The Washington PostDemocracy Dies in Darkness

Opinion How the NFL fumbled the battle for equal opportunity in coaching

Former Miami Dolphins head coach Brian Flores during an NFL football game against the New England Patriots on Jan. 9 in Miami Gardens, Fla. (Wilfredo Lee/AP, File)

Cyrus Mehri is a civil rights attorney based in Washington, D.C.

On Martin Luther King Jr. Day in 2002, I started my Monday like I always do: reading the sports section of the paper.

I was livid when I learned the Tampa Bay Buccaneers had fired head coach Tony Dungy despite making the playoffs four out of six years. Just days earlier, the Minnesota Vikings had terminated their head coach, Dennis Green, after he made the playoffs eight out of 10 years. These two coaches, both Black, were consistent winners. Their terminations exemplified the “last hired, first fired” phenomenon familiar to Black executives across America. With Green and Dungy ousted, Herman Edwards was the last Black head coach standing.

That morning, pulling from my experience as a civil rights lawyer, I came up with the idea of using statistics to illustrate the double standard in the NFL’s hiring practices. I teamed up with attorney Johnnie L. Cochran Jr. to enlist noted labor economist Janice Madden, who conducted a statistical study of NFL head coach win-loss records by race. The numbers showed that Black head coaches performed better than their White counterparts by going to the playoffs twice as often but were hired less frequently.

We confronted the NFL with a report that detailed the racial inequities in coaching. The report included a “Fair Competition Resolution,” the foundation of what would eventually become the NFL’s Rooney Rule. The rule — named after Pittsburgh Steelers owner Dan Rooney, who used inclusive hiring practices throughout his career — requires that NFL teams conduct in-person interviews with a diverse slate of candidates when hiring head coaches and general managers.

Progress followed. At one point, nearly half the league’s teams had a head coach or general manager of color. Nothing symbolized that progress more than the 2007 Super Bowl, when Dungy and Lovie Smith became the first Black head coaches to compete for the championship. Since 2007, 10 NFL teams have reached the Super Bowl led by a head coach or general manager of color.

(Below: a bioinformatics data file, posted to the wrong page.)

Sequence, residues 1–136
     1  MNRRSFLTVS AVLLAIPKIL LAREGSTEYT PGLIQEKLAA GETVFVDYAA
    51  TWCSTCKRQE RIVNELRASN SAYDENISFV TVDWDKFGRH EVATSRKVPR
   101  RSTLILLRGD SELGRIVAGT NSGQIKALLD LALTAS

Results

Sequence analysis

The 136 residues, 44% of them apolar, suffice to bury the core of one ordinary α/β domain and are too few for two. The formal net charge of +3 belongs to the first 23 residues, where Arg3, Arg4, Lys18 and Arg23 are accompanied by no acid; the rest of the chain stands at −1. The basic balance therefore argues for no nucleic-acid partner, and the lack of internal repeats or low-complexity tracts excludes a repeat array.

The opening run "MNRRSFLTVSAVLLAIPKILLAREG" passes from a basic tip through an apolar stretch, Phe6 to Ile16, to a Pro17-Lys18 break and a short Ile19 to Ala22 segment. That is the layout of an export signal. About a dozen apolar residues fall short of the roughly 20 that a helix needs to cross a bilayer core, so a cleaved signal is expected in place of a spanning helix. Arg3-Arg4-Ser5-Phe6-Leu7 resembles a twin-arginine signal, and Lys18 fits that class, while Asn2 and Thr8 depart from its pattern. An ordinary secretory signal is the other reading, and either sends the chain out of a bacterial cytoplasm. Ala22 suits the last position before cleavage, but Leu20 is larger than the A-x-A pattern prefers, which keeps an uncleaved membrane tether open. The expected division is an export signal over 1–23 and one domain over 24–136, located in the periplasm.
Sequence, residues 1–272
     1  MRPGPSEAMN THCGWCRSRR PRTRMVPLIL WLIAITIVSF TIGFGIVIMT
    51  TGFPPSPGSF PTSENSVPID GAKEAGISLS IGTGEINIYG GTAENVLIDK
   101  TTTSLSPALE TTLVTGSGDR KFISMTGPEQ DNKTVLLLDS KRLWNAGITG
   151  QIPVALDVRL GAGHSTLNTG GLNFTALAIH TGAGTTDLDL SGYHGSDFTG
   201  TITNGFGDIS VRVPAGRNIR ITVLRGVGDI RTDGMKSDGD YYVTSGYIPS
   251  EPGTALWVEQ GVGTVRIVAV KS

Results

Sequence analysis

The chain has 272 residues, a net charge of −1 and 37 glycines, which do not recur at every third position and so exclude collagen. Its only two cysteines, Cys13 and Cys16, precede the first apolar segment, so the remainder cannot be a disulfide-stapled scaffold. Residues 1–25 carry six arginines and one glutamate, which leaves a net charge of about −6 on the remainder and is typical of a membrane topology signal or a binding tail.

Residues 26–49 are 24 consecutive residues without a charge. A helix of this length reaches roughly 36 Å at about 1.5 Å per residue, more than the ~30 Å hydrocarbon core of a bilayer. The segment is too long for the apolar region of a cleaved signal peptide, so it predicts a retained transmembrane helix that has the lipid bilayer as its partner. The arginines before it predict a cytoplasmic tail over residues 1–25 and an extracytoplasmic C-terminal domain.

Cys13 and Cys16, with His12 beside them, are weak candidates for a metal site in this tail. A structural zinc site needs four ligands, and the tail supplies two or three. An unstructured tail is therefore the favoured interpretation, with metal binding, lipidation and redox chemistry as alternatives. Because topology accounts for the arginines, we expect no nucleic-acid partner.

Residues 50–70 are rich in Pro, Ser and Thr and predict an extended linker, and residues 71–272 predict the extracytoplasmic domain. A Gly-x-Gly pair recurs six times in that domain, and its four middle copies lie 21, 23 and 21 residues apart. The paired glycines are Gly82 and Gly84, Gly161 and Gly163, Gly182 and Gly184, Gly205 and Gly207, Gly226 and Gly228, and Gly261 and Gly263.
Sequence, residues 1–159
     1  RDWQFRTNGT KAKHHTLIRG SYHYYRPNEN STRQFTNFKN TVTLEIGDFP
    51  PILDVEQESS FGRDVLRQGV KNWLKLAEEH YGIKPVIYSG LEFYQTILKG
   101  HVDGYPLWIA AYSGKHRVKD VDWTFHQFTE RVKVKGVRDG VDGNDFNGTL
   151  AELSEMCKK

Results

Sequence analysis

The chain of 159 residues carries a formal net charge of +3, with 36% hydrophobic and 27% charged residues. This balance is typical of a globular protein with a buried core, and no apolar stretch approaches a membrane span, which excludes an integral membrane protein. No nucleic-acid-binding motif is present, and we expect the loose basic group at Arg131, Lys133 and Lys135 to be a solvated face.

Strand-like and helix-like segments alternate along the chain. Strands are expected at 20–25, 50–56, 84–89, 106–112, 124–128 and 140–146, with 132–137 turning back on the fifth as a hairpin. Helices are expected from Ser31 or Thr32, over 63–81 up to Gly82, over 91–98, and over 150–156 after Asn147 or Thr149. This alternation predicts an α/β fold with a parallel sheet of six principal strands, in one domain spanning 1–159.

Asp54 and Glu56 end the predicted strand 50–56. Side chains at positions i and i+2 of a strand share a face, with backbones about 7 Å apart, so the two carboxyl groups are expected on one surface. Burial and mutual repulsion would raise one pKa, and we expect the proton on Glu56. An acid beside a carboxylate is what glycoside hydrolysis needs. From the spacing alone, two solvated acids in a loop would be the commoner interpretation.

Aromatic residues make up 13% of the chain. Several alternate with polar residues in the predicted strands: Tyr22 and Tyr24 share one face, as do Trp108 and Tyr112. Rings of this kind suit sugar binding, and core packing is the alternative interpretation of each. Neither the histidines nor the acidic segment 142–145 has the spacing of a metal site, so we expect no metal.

The power of diversity was winning. A 2019 poll of NFL fans found that while NFL fans were divided on just about every racial issue, nearly 70 percent supported the Rooney Rule, with only about 10 percent strongly opposed. The Rooney Rule won over Americans because it advocates for a simple, fundamental value: fair competition.

Fast forward to Martin Luther King Jr. Day 2022. After Dave Culley’s and Brian Flores’s inexplicable ousters by the Houston Texans and Miami Dolphins, respectively, the NFL now has just one Black head coach, Mike Tomlin of the Pittsburgh Steelers. What happened?

Superficial observers blame the backslide on the Rooney Rule, but the statistics before and after the rule’s enactment prove it worked. And the Rooney Rule has been strengthened over time, now requiring that NFL club owners interview multiple diverse candidates. The league has also incentivized diverse talent pipelines, such as by giving draft choices to clubs that develop a coach of color who becomes a head coach.

Flores’s lawsuit against the NFL and its teams, alleging discrimination against coaches of color, shows that the issue isn’t with the Rooney Rule, it’s with accountability. (The NFL said in a statement that the allegations are “without merit.”) The Rooney Rule depends on club owners genuinely interviewing a diverse slate of candidates. In 2003, the first year of the Rooney Rule, the Detroit Lions hired a White coach after inviting Black coaches to “see the facilities.” Not one Black coach accepted the clearly empty offer. As advocates of the Rooney Rule, we told the NFL that if they didn’t act, they were torpedoing equal opportunity efforts. The league eventually fined Lions President Matt Millen $200,000. It sent a loud message that the rule would be enforced. We also created the Fritz Pollard Alliance to champion the cause of minorities throughout the league.

But in 2017, the Oakland Raiders selected a White head coach, Jon Gruden, before holding sham interviews with Black candidates. The Fritz Pollard Alliance urged the league to fine the Raidersowner just as they had fined the Lions president 14 years earlier. But the NFL refused, suggesting that it was no longer taking equal opportunity efforts seriously. The number of Black head coaches has since plummeted, while frustration among Black coaches is sky high.

Now Flores alleges that the New York Giants had already chosen a White coach before his interview. The Giants say that’s “false,” but if what Flores alleges is true, the Giants did exactly what the Raiders did. And why wouldn’t they, if breaking the Rooney Rule has no consequences? With little accountability, the progress made over the course of a generation unraveled.

With Flores’s lawsuit, the NFL faces another fork in the road. The league must make clear to teams that equal opportunity policies, including the Rooney Rule, will be enforced. A bright young coach is possibly sacrificing his career to take a stand against racial bias. The very least we can do as a country is to uphold the value of fair competition. There is no doubt in my mind that if the NFL does what’s right, it will achieve new success in the struggle for equal opportunity.